Haiti Earthquake Relief

Many Options Open for Haiti Earthquake Relief

Many of our students, faculty and staff have indicated willingness to assist with the relief effort in Haiti, including individual pledges of financial support and engagement in public service. We know that water, food supplies, first aid, and shelter are desperately needed today in Haiti, where challenges are legion even in the best of times. And beyond the first days and weeks of immediate relief, Northeastern State University is looking at long term initiatives that provide sustained connections between us and a Haitian university, college or school. In this way we will provide much needed support as they move from dealing with the trauma at hand toward returning to their primary responsibilities.

According to the Center for International Disaster Information and United Nations personnel on site in Port-Au-Prince, monetary contributions to established relief agencies are the most useful immediate response to the destruction caused by the 7.0 earthquake that struck Haiti on Jan. 12. Through the many suggestions you have offered, we have identified several ways in which you can contribute and help in this effort.

Donate

For your convenience, NSU has provided links to three suggested charitable organizations where you may donate directly to the cause.

Other Ways to Help

About Haiti

Background information on the nation of Haiti is available from the CIA World Factbook at www.cia.gov/library/publications/the-world-factbook/geos/ha.html.

The State Department provides information on conditions within Haiti to U.S. citizens. This can be read at http://travel.state.gov/travel/cis_pa_tw/cis/cis_1134.html.

The New York Times on Wednesday ran an editorial and an op-ed piece on the situation in Haiti.

From the Office of Student Affairs

Haiti was struck by a 7.0 earthquake on Jan. 12 at 3:53 p.m. CST. It was centered 10 miles west of the capital and was the strongest earthquake to hit the island since 1770.

Who it has affected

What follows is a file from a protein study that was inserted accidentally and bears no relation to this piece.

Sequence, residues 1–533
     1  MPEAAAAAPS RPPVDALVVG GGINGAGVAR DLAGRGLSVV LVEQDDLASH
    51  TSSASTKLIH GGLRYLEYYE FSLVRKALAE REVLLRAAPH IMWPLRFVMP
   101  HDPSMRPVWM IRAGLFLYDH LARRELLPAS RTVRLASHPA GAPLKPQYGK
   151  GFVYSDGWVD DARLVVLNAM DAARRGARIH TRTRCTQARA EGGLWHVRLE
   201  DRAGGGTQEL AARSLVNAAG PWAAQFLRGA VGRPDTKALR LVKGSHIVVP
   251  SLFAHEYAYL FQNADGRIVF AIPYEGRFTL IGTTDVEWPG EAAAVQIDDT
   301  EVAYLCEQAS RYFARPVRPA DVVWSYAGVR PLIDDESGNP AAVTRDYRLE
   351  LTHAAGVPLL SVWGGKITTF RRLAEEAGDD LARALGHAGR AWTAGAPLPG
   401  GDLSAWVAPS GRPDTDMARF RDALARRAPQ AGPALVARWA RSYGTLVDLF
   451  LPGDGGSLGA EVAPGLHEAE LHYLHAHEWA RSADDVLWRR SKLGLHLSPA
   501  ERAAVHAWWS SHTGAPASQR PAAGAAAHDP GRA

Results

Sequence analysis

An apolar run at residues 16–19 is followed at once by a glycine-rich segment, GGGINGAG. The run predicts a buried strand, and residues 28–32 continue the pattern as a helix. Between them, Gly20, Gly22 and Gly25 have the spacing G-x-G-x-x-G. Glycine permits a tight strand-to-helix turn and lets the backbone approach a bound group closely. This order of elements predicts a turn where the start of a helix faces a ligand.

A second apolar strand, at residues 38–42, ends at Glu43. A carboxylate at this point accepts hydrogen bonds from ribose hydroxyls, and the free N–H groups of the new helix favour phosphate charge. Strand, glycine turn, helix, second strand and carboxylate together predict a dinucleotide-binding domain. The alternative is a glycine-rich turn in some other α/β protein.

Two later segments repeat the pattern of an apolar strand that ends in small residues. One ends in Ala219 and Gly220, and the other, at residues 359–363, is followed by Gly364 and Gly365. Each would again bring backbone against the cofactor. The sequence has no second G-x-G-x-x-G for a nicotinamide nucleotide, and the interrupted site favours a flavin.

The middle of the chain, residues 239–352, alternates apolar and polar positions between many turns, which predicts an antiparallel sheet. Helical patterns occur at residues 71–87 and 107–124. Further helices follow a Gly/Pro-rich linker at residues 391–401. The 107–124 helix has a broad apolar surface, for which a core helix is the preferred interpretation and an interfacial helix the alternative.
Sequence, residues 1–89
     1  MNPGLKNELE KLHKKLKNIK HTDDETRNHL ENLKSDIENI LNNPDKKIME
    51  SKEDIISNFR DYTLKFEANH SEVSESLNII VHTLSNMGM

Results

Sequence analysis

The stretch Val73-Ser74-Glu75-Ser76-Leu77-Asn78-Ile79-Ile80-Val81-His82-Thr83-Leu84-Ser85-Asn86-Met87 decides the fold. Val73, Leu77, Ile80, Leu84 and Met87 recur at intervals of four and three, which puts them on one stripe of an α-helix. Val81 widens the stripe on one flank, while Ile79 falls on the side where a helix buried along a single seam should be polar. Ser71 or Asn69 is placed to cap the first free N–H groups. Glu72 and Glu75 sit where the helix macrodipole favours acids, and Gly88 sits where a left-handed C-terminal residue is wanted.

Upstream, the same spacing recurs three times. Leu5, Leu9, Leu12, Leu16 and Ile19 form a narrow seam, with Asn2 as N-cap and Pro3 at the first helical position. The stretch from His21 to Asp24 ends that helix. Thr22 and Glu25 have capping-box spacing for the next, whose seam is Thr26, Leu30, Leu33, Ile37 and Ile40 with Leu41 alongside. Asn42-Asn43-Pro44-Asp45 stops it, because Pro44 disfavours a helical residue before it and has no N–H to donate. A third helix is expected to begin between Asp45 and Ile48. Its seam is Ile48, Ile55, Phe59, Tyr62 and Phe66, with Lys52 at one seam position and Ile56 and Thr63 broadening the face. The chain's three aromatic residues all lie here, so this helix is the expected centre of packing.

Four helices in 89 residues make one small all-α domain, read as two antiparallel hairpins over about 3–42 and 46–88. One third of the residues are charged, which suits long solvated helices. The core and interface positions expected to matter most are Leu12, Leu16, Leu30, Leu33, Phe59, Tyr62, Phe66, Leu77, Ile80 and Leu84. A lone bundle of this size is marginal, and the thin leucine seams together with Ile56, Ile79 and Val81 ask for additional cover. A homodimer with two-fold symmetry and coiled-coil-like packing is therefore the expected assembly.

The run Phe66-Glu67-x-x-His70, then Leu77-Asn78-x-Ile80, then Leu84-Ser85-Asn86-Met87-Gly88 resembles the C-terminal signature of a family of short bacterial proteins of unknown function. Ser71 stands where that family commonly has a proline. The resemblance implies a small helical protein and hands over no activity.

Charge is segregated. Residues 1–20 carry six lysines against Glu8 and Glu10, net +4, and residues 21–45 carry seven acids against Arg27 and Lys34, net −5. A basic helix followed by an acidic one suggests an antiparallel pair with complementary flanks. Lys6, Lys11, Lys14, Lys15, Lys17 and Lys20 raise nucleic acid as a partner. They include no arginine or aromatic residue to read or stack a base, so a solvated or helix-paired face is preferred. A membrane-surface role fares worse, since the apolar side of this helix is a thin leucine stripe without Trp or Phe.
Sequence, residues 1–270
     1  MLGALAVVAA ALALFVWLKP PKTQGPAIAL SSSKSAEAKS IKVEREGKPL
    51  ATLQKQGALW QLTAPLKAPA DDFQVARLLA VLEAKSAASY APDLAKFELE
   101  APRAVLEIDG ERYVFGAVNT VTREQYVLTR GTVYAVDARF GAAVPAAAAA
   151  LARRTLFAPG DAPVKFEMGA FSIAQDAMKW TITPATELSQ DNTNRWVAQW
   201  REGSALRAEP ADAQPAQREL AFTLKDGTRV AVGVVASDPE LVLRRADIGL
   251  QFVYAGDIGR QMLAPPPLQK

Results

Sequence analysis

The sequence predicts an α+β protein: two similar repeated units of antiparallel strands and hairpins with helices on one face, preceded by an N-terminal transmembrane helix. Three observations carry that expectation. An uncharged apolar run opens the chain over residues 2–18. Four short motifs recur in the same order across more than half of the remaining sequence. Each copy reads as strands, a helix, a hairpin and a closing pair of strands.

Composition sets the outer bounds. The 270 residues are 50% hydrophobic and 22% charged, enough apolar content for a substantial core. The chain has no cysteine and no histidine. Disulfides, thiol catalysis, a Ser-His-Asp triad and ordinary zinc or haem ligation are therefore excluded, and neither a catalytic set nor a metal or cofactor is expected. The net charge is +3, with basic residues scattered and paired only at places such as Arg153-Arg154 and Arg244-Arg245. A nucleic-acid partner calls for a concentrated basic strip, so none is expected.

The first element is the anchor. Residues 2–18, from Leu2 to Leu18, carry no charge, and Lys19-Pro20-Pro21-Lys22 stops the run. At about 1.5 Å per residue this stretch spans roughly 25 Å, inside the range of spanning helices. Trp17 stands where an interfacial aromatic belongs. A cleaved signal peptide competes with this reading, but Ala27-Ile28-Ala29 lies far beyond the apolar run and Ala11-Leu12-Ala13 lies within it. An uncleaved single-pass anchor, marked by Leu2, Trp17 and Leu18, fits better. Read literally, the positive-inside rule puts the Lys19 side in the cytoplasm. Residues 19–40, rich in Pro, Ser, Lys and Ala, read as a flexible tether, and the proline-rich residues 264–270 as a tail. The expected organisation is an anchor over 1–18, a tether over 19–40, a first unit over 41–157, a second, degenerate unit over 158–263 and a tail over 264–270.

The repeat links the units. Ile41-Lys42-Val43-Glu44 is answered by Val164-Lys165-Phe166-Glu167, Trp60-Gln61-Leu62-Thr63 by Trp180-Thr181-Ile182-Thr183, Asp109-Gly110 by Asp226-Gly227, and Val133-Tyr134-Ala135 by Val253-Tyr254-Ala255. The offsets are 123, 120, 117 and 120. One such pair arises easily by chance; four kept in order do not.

The International Red Cross has stated that 3 million people are in need of emergency assistance. Most are hurt, homeless and in need of food, water and medical supplies.

Why it is a public health emergency

Haiti has significant problems with clean water and dealing with certain diseases like malaria and Dengue fever, which are quite endemic to the area. With destruction of the water supply, the people of Haiti will be at increased risk of developing gastrointestinal diseases, food poisoning, as well as worsening of injuries sustained by those in high-risk groups like children and seniors.

Why should this matter to students at NSU

When the quake struck Alex Georges (28 years old) was in a meeting with about 30 other students at a school in the neighborhood of Morne Hercule. The roof fell in killing 11 of his classmates instantly and critically injuring him and others. Alex stated, "I can't take it any more. My back hurts too much." He has laid on the parking lot's sloping blacktop for more than a day waiting for help. Just a few feet away lay the dead body of another man who appeared to be about his age.

Francklin Pierre escaped his office building but could not go far because the building was shaking so hard. "It was an eternity for me," he said. "That building was shaking like a paper."  His mother and daughter survived but "We are all still looking for my father," he said. "We can't reach him. We don't know where he is."

Our contributions here can go far to help Haiti!

Northeastern Student Government Association hosted a student forum to discuss Haiti and organize student fundraising efforts on Jan. 20. Read the Tahlequah Daily Press report for information on the event.

For more information or to sign up to serve as a volunteer, please call 918-444-2526.

The Criminal Justice & Legal Studies faculty and students are raising money for the relief efforts in Haiti.  All funds donated will be given to the Feed the Children's Haiti Relief Fund. Checks made out to "Feed the Children" are tax deductible.

NSU to hold community forum on Haiti

To build knowledge of Haiti – past and present – on campus, NSU will present a community forum, "Understanding Haiti," on Wednesday, Jan. 27 at 5 p.m. in the University Center Redbud Room.

A panel of experts will share knowledge of Haitian culture and government, Haitian school systems and the processes for recovery.

President Don Betz will facilitate discussion, which includes:

A history of Haiti – A general overview of Haiti’s heritage, government, education and health systems and Haitian culture, presented by Amberdawn Moore from the
Geography department in the College of Liberal Arts.

Perspective from global servers in Haiti – A personal experience with participating in global service in Haiti. Tom Tucker and Jerod Murr are tentatively scheduled to make the presentation.

Call to action – The audience will learn how to become part of sustaining solutions for the betterment of Haiti.

NSU Haiti Relief Effort